I am the new CEO of the oldest united arts fund in the country. We work to raise funds to help facilitate and promote the vitality and well being of the arts ecosystem for the Greater Louisville region.
On one of the breaks of my full day session, I figured out what I was going to talk about. It hit me like a ton of bricks. Shortly after saying yes to McB’s offer back in 2007, I started to think about what it would mean to manage the career of an individual artist. I had been working with a few musicians prior to this but I wouldn’t call what I was doing for them management. If you’re not turning down gigs then you don’t really need a manager. You need someone to help you get gigs.
Quick side note - the first official act as Christian’s manager was for me to go to Sirius to tell them that we were going to turn down their offer for him to do some voiceover work for them for their jazz programming.
Kinda ironic isn’t it, given that the man is now the voice of jazz for NPR’s Jazz Night in America and has his own show, The Lowdown: Conversations with Christian on Sirius/XM.
I told him at the time, “Trust me, this no is an investment in big yes on their part in the future.”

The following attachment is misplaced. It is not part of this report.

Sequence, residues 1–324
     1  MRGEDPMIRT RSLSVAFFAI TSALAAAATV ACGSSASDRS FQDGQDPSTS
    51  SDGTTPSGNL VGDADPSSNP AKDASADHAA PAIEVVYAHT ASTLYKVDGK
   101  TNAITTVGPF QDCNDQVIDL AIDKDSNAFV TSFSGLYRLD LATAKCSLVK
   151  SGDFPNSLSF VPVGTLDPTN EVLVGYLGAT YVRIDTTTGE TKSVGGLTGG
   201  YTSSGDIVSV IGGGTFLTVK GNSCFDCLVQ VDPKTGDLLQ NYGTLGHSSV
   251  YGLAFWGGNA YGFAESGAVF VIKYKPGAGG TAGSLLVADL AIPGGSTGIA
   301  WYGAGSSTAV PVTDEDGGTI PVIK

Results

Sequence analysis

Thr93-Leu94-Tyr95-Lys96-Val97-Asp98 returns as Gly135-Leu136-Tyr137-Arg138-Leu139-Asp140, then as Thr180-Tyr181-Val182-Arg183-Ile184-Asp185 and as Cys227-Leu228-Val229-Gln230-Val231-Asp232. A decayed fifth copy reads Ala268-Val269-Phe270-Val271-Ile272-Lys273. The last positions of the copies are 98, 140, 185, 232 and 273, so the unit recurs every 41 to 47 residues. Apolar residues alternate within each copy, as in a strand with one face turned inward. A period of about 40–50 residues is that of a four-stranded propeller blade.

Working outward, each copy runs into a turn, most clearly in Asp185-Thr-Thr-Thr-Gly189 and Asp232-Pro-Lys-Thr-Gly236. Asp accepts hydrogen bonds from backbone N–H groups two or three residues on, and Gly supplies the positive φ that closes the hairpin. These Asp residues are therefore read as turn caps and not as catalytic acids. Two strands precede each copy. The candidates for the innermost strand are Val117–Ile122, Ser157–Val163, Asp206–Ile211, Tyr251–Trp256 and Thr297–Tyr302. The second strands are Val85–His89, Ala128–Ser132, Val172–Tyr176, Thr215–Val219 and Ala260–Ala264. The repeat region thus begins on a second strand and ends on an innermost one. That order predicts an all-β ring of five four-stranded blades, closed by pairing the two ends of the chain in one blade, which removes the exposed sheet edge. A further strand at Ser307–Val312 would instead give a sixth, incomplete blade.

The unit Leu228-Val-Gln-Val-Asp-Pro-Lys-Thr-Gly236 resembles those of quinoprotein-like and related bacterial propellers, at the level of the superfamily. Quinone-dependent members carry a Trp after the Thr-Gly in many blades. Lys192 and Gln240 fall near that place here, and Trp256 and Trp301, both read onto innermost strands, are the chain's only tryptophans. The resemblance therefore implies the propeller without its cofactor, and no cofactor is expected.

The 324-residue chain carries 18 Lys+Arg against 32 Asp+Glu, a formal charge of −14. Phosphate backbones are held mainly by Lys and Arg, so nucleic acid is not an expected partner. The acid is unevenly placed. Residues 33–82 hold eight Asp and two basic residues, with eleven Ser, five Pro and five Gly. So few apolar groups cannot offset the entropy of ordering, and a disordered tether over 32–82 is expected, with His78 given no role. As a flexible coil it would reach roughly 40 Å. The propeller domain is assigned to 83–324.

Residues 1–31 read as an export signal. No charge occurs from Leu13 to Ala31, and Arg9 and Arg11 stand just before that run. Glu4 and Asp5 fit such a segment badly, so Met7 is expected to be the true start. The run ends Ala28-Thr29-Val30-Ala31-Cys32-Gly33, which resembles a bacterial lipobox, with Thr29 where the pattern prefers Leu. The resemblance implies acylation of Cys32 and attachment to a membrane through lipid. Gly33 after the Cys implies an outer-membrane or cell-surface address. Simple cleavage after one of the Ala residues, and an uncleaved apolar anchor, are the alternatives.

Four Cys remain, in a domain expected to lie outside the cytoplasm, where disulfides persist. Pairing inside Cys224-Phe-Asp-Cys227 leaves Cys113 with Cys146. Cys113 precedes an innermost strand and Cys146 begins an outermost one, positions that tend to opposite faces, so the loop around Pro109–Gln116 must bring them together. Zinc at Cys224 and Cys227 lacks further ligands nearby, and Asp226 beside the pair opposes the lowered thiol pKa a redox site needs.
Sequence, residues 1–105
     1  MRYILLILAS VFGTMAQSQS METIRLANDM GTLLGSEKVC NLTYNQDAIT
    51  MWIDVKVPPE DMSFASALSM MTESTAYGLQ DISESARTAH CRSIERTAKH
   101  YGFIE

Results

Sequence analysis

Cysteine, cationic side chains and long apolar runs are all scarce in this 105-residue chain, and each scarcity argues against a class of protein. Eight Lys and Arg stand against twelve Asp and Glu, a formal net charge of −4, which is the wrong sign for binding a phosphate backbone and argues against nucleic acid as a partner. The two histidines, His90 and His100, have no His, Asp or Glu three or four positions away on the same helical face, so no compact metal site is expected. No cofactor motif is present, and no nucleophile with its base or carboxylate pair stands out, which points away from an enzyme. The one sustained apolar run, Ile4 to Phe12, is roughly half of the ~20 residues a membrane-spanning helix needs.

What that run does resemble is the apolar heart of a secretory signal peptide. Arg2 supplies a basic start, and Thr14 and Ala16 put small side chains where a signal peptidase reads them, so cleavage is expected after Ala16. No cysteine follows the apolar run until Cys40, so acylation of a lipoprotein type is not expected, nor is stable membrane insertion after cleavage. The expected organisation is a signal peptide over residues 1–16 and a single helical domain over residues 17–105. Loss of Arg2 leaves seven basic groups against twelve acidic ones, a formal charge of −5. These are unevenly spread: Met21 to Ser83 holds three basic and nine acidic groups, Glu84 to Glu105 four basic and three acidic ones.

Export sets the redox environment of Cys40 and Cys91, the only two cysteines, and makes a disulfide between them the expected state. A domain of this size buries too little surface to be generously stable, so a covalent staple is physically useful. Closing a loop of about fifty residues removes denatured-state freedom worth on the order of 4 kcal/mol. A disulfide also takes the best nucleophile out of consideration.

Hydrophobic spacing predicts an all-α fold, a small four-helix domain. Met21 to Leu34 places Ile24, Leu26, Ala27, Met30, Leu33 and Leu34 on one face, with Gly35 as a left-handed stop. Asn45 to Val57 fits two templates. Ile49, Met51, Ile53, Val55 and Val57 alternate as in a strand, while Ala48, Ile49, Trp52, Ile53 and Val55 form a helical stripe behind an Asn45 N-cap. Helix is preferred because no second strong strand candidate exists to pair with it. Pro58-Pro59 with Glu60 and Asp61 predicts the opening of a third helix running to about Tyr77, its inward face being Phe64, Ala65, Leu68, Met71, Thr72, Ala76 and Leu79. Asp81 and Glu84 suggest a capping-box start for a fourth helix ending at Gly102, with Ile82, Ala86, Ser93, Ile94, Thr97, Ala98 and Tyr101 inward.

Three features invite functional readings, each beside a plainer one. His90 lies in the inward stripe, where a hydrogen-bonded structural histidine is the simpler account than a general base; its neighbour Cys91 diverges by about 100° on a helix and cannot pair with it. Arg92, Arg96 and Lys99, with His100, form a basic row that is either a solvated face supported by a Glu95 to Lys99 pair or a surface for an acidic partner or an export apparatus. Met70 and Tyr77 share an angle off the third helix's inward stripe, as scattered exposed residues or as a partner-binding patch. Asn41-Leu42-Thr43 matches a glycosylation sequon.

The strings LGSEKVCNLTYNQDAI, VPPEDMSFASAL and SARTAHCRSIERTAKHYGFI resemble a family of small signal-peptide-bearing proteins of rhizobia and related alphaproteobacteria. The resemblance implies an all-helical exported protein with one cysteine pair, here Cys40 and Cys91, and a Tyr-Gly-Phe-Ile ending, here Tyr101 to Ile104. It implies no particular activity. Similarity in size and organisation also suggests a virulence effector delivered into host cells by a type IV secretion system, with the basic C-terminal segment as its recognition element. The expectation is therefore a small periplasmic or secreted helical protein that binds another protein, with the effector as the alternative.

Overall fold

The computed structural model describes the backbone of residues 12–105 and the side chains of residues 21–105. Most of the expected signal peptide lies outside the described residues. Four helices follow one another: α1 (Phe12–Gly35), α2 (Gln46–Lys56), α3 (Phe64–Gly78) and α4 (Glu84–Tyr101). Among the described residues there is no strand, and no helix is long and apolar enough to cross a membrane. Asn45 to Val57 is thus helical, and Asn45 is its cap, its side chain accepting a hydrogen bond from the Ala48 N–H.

That’s not true but it sounds good. I didn’t know what the hell I was doing back then and not much has changed. I guess it’s true what they say. It’s better to be lucky than good.
In the past I had worked with arts organizations. I was CFO and VP and Producer for Jazz at Lincoln Center. I had done a lot of consulting and strategic planning for arts organizations all over the world but I had never really managed the career of an individual artist.
So I decided to approach managing McB like he was a one-person organization. I began to brainstorm inside my own sick head about what a Vision and Mission Statement for McB the organization would be. After pondering it for a few days, I had a Eureka moment.
McBride is the world’s most versatile musician, but the world doesn’t know it - yet. A vision statement describes what the world looks like when you are completely successful in doing what you do as an organization. A mission statement is what you do to bring that vision into focus. So my vision statement for McB was that the world would recognize him as the world’s most versatile musician and would celebrate him accordingly. And the mission statement was for us to do whatever we could whenever we could, for as often as we could to put him in a position for people to see him as such.
Why is McB the world’s most versatile musician?
I’m glad you asked.
Well in order to be the world’s most versatile musician you have to play a rhythm instrument, because musical genres are defined by rhythm. You also have to be a jazz musician who can also play classical music, because those two genres are considered by many to be the most difficult to play well. Well needless to say, McB checks all of those boxes. But he checks a whole lot of other boxes as well - R&B, Funk, Bluegrass, Hip-Hop, Folk, Rock, Latin, Afro-Cuban, Tango - you name it - he’s played it and at a very high level.